Design: Commonly referred to as the 'bat-wing' label from the flaps either side of the logo, which supposedly provided a dedicated area for personal cataloguing. The horizontal lines appearing on the earlier woodcut version, which formed the background between Nipper and the gramophone, have been removed (except for the area between Nipper's front legs and, curiously, a segment on the extreme left, adjoining the phonograph cabinet) to gain space, while Nipper's nose now almost touches the phonograph horn. The quotation marks over the label name are also drastically indented so that the label name, at first a tiny cut-line (see the Victor label) can appear as large as possible. The label name is hand-lettered, not typeset, and slight differences can be seen between the lettering style in the label at the top and those appearing below (e.g. the cap V above, which descends below the base-line). At this point in history, trade marks were evidently registered at the Attorney-General's office in the United States rather than the Patent and Trademark Office in Canada, as now.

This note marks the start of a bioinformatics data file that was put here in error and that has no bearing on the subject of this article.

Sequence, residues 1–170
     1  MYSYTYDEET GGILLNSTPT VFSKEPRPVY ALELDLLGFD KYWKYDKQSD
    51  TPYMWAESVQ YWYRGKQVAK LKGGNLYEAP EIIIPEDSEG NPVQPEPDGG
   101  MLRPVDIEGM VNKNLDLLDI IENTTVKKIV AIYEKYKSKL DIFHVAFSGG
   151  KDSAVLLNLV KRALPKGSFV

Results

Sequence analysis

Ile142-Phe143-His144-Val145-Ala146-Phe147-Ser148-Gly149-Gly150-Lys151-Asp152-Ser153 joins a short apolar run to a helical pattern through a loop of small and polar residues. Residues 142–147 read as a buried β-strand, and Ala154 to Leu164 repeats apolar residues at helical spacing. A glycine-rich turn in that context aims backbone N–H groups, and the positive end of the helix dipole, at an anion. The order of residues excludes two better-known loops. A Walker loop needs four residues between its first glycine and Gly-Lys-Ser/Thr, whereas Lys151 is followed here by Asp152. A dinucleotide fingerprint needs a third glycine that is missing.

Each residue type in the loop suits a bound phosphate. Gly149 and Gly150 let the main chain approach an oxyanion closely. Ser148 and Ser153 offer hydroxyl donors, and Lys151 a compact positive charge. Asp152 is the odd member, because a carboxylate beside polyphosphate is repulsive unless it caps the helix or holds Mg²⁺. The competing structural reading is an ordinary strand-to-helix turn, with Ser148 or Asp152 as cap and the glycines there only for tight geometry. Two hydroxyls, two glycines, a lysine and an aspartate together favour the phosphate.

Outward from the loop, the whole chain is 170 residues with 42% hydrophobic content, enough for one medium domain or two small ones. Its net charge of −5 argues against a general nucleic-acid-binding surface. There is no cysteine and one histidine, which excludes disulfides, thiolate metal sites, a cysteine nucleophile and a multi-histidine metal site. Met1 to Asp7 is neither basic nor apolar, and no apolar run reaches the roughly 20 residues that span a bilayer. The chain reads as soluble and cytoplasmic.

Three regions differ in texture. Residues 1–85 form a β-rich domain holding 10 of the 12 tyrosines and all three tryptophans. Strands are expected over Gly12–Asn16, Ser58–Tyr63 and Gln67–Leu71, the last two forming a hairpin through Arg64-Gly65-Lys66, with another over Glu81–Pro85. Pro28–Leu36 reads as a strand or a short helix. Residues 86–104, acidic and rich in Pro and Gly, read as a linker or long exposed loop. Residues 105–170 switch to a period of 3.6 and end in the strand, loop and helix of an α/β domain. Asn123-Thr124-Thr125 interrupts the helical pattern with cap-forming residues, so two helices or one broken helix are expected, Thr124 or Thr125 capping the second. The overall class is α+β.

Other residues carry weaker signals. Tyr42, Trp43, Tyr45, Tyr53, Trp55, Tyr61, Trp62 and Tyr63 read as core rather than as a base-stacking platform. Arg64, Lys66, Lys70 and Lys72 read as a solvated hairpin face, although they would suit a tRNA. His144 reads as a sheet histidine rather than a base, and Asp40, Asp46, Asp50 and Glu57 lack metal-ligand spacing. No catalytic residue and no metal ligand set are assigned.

History: Emile Berliner's Canadian versions of Victor releases featured 'His Master's Voice' as the label name instead of 'Victor,' though occasionally both names appeared, as on the label above (scan courtesy of collector Georg Richter of Germany).